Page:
The first big fantasy football wave hit the beaches of the offseason when it was suddenly announced the Philadelphia Eagles had traded LeSean McCoy to the Buffalo Bills for young linebacker Kiko Alonso.
There had been rumblings McCoy might be on the outs in Philadelphia—rumors of a demanded pay cut lend themselves to gossip—and it seems the portents came true. Shady was shipped to NFL’s Siberia for his trouble. McCoy and his $11.4 million cap hit are out, replaced by a stud linebacker coming off a torn ACL.
Whatever the circumstances surrounding the trade were, we are left with a dramatic change at running back in Philadelphia. Gone is the promise of yesteryear, when McCoy romped through the league and made many a fantasy owner happy. Well, at least if his fantasy owners from last season have anything to say about it—McCoy's raw statistics weren't terrible.
One could argue that promise was already gone after his disappointing 2014 campaign—McCoy was simply not the same, seemingly a different man after getting his bell rung at the beginning of the season. He averaged just 4.2 yards per carry—not terrible in a vacuum, but a sharp drop from the previous season—and getting yanked at the goal line every time it seemed he would reward his fantasy owners. Worse, the former Human Joystick averaged a paltry 2.06 yards per carry after contact last season, one of the worst marks in the league.
Was it his first step off a cliff, or was last season simply a stumbling block for the dynamic running back? That much is unanswerable right now, but it should certainly give pause to fantasy owners before hitting the “select player” button in drafts this offseason.
Meanwhile, C.J. Spiller sits in his free-agent castle, spurned by the Bills after expressing his desire to return. Perhaps he will exact a measure revenge on his former team by signing with the Eagles and romping to a 2,000-total-yard season with 15 touchdowns. He already hinted at a desire to play with Kelly.
So what does this all mean from a fantasy standpoint? Truthfully, it’s still too early to tell. Right now McCoy finds himself in a situation not too dissimilar to the one Spiller found himself in over the past two seasons—a pedestrian offense with a bad quarterback and terrible offensive line. That line was 26th in the league in adjusted RB yards according to Football Outsiders, a decline from 3.85 in 2013.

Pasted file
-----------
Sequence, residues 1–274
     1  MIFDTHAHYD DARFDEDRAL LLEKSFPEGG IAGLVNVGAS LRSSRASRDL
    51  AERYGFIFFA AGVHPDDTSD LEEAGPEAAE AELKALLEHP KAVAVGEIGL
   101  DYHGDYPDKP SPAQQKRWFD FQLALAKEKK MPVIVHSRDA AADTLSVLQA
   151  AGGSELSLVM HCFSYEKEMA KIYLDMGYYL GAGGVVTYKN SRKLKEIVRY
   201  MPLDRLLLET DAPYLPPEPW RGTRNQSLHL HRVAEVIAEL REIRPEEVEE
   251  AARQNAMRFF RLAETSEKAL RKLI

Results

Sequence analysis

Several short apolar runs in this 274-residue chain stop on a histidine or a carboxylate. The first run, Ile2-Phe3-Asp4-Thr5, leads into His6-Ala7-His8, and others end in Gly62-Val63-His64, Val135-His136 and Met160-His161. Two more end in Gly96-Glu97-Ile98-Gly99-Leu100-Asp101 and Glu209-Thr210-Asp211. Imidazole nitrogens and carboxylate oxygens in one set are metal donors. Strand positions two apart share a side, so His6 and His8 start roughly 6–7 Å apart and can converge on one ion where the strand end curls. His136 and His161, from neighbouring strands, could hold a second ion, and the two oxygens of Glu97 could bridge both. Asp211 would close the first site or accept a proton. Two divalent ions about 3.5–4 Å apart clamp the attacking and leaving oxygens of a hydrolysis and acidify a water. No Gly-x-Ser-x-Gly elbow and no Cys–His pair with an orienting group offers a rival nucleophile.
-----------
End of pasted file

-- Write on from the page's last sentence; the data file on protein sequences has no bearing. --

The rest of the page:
If McCoy couldn’t get rolling last year in Chip Kelly’s offense with a vastly superior offensive line, what chance does he have in Buffalo?
Of course, the Bills will have plenty of opportunity to upgrade the line. They have already signed Richie Incognito in an attempt to improve the interior of the line. How much Incognito will improve things at 32 years of age this coming season—especially after having been out of the game for a year—is questionable, but it’s a start. There are plenty of options available in free agency and the draft, to be sure.
On the flip side, the Eagles are left with—wait a minute, let me look this up—Chris Polk as their main running back, assuming they bring him back in restricted free agency. Dynasty owners, rejoice! But really, sell him as fast as you can—Polk’s value will never be higher. That is unless you truly believe Kelly would keep Polk as the main man in a year with a flooded running back market and deep draft class.
Spiller may well end up in Philadelphia. So could DeMarco Murray—a move that would replace McCoy with equal talent likely at a lower price and kick sand in Jerry Jones’ face all at once. Perhaps the Eagles will go with some lighter fare in free agency—Justin Forsett, Ahmad Bradshaw or Mark Ingram are just some options.
Should the Eagles keep their draft picks—you know, instead of trading them all away for the rights to draft Marcus Mariota—they will have an opportunity to draft McCoy’s replacement with guys like Ameer Abdullah, Melvin Gordon or Duke Johnson. Perhaps they will double-dip in free agency and the draft.
Right now, it seems obvious they will do something, which will annihilate whatever value Polk’s fantasy stock has gained today. Move quickly.
Back to the meat of today’s meal—McCoy’s fantasy value. We’ve talked about potential decline and a dire offensive situation, but there are potential advantages to playing in Buffalo, too—namely, Rex Ryan’s propensity to run the ball. The New York Jets were in the top six in rushing attempts in each of the past three seasons, and the Bills don’t exactly have Aaron Rodgers to lean on in the passing game. Even with Fred Jackson, Bryce Brown and Boobie Dixon still in the fold, McCoy should find plenty of touches. It's hard to believe Ryan traded for an $11 million running back only to have him lose touches to the likes of a 34-year-old, a mirage and a journeyman.
The quality of those touches is what’s really in question.
McCoy is also rather durable, especially considering his running style would immediately shred a mere mortal's knees. He has had some concussion issues, but the newly minted Bill has played in every game the past two years and 90 of a possible 96 career regular season games. There is something to be said for peace of mind that your first-round running back will stay healthy, as unpredictable as injuries can be.
If forced to choose between him and other first-round options today, going another direction might be prudent. He certainly carries risk in MFL10s and other early formats. After all, fantasy value is one percent talent and 99 percent opportunity. Or something like that.